“The way Paul relies on this binary of Judean and gentile makes clear that he is thinking precisely as a Judean, but as one whose mission is directed toward non-Judeans (Jennings, Outlaw Justice, 71).”
Paul shifts his argument to an explanation about how Abraham, who was before the law and thus outside of it, is make just by God. This supports his thesis that those outside of the law are made just through faithfulness.
“Abraham is both the ‘father’ (or ancestor) of the Judeans and one who is antecedent to the distinction between the circumcised and the uncircumcised (Jennings, Outlaw Justice, 71).”
Remember that Paul’s theology is circumstantial in nature. He is writing to distinct communities and situations, and is not attempting to create a system of believing.
“Rather than suppose that Paul has a ready-made system that is deployed in different circumstances, it may be more accurate or helpful to think about his letters as improvisations that uncover implications or potentialities in the messianic message that had been previously unnoticed or clumsily expressed (Jennings, Outlaw Justice, 72).”
“For if Abraham was made or become just by means works [of law], he has something to boast about, but not to point to as a claim on God. 3 For what does the written [scripture] say? “Abraham relied on God and it was counted as justice (Translation - Jennings, Outlaw Justice, 72).”
“To get a sense of what is happening here, I have used ‘relied on’ instead of either ‘believed’ or ‘was faithful to.’ I do this in order to point to a mutual ‘crediting’ that seems to be at work here. Abraham credits the divine promise, and God credits Abraham as being or becoming just. In both cases, we have a way of conjoining future with present, as suggested by the economic term ‘credit.’ To say that Abraham credits the divine promise is to say that he regards it as entailing a future accomplishment…. Abraham anticipates the faithfulness of God with respect to the divine promise. God anticipates the faithfulness of Abraham as leading to or as containing, in principle, justice (Jennings, Outlaw Justice, 73).”
“Is this blessedness, then, pronounced only on the circumcised, or also on the uncircumcised? We say, “Faith [faithfulness] was reckoned to Abraham as righteousness [justice].” 10 How then was it reckoned to him? Was it before or after he had been circumcised? It was not after, but before he was circumcised. 11 He received the sign of circumcision as a seal of the righteousness [justice of his faithfulness] that he had by faith while he was still uncircumcised. The purpose was to make him the ancestor of all who believe [who are faithful] without being circumcised and who thus have righteousness [justice] reckoned to them, 12 and likewise the ancestor of the circumcised who are not only circumcised but who also follow the example of the faithfulness that our ancestor Abraham had before he was circumcised.”
Notice where I have opened up the definitions to include the flow of Paul’s argument. Abraham was made just through his faithfulness to what God was doing before he was circumcised.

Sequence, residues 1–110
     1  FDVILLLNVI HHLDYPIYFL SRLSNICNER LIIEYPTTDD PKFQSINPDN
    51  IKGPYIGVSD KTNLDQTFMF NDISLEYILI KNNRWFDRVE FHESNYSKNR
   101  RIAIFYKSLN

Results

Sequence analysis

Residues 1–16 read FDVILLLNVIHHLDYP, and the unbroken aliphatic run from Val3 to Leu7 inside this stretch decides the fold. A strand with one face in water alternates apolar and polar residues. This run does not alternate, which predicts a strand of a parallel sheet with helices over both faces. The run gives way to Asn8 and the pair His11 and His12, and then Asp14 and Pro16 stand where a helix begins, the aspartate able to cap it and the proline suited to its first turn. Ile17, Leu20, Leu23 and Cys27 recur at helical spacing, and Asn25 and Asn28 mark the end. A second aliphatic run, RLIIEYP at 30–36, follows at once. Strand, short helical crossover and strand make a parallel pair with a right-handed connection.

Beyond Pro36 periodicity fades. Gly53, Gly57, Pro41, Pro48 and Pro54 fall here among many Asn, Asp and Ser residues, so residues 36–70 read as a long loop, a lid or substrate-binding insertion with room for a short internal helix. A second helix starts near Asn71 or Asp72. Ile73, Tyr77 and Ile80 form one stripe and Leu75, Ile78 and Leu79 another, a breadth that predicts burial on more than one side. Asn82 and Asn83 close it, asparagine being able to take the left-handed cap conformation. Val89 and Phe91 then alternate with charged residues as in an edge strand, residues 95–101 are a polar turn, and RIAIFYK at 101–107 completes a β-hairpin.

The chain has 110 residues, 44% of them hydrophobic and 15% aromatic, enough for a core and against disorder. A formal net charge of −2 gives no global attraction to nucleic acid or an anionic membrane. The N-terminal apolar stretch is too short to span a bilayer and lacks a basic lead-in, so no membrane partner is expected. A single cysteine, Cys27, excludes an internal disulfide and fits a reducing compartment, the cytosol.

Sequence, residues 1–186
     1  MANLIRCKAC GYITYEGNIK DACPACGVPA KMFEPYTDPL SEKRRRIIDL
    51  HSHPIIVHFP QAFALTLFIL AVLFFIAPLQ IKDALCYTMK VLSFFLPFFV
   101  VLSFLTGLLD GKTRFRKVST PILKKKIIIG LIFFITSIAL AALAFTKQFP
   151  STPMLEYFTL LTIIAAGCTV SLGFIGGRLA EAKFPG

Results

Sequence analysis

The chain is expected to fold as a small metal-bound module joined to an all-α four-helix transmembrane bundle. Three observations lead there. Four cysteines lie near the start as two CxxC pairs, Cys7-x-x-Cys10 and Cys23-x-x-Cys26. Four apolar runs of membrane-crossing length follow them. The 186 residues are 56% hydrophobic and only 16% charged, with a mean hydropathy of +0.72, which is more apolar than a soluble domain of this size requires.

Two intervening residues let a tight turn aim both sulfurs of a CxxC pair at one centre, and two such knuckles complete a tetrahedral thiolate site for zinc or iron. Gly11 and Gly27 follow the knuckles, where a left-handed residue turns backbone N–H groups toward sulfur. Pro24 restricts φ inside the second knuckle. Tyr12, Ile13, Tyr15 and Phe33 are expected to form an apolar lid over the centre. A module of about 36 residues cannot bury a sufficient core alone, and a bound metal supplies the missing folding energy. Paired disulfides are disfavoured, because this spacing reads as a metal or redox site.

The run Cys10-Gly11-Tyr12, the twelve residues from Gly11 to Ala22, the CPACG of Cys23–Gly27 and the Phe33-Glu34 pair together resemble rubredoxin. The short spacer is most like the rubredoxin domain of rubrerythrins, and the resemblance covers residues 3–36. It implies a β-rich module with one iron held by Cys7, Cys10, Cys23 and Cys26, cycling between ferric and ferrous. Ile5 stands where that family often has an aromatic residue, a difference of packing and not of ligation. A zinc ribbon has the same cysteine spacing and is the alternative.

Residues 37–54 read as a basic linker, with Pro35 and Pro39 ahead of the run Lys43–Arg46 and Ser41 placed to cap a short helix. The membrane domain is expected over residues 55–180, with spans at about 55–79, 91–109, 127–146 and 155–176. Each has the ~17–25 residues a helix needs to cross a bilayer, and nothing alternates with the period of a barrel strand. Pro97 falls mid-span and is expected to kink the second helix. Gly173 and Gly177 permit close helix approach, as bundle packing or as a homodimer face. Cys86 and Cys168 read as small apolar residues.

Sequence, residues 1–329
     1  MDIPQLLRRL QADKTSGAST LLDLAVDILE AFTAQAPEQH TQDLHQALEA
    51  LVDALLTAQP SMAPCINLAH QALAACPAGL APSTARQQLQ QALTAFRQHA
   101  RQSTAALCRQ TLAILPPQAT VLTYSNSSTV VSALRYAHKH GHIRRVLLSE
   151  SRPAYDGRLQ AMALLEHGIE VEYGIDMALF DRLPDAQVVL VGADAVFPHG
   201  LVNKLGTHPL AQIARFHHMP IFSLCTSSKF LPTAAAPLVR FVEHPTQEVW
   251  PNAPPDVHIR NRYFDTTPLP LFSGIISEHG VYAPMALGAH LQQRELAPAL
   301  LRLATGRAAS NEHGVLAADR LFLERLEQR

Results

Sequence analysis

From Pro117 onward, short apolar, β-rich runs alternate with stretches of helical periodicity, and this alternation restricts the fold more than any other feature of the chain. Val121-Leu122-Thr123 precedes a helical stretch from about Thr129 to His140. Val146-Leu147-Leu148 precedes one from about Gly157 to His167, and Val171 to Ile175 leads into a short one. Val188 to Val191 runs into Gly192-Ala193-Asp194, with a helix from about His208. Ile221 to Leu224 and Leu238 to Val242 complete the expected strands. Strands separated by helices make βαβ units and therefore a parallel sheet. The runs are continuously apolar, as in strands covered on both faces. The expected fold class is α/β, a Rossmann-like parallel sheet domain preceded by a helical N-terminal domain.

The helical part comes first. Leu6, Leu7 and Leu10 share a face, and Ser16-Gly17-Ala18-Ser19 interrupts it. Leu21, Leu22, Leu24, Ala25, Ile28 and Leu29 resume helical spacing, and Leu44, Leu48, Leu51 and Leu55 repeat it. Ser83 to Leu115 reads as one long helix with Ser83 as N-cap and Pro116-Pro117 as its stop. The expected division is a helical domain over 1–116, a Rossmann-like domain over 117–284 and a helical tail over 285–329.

“Thus, Abraham, who first seem to be the patriarch of the Judeans, is now the father of all the non-Judeans, the gentiles or pagans– that is, of those nations outside the law whose faithfulness is [counted as or credited towards] their justice (Jennings, Outlaw Justice, 75).”
“We should note that, for Paul, circumcision in the case of Abraham is not a substitute for faithfulness or a work that merits being found to be just; it is a sign or seal that follows the beginning of faithfulness that it signifies. In Christian terms we would say that baptism is not a cultic act that makes one right with God but is a sign of a pre-existing, if imperfect, faithfulness (Jennings, Outlaw Justice, 75).”
“For this reason it depends on faith [faithfulness], in order that the promise may rest on grace [generosity] and be guaranteed to all his descendants, not only to the adherents of the law but also to those who share the faith [faithfulness] of Abraham (for he is the father of all of us, 17 as it is written, “I have made you the father of many nations”)—in the presence of the God in whom he believed [in whom he was faithful], who gives life to the dead and calls into existence the things that do not exist.”
Paul grounds his understanding of justice in the promise of God. The promise of God “rests on generosity” and is not bound up in anything we accomplish as humans. The promise of God can be trusted beyond anything the law can shape in our life together in community.
“No distrust made him waver concerning the promise of God, but he grew strong in his faith [faithfulness] as he gave glory to God, 21 being fully convinced that God was able to do what God had promised. Therefore his faith [faithfulness] “was reckoned to him as righteousness [justice].”
“We may note here that injustice may come to be ‘justified’ through supposing that justice is ‘impossible.’ It is the [imminent] incapacity for justice rather than the promised of justice that ‘counts’ or is connected. Is this accounting that makes it easy to excuse injustice or to acquiescence in injustice. Nobody is perfect, we say. Don't underestimate original sin, the Christian realist says. And this produces a politics of accommodation– to injustice. On the other hand, entrusting oneself to the promise of that which is we're seems to be impossible [justice, for example] is what produces a becoming just (Jennings, Outlaw Justice, 79).”
Paul does not let us escape with our excuses that his argument will never work.
“It has identified a point ‘before’ the law for the discussion of justice, thereby pointing to the possibility of justice outside or apart from the law. It is tied together themes of faithfulness, prominence, generosity and set them in opposition to works, law, and wrath (Jennings, Outlaw Justice, 80).”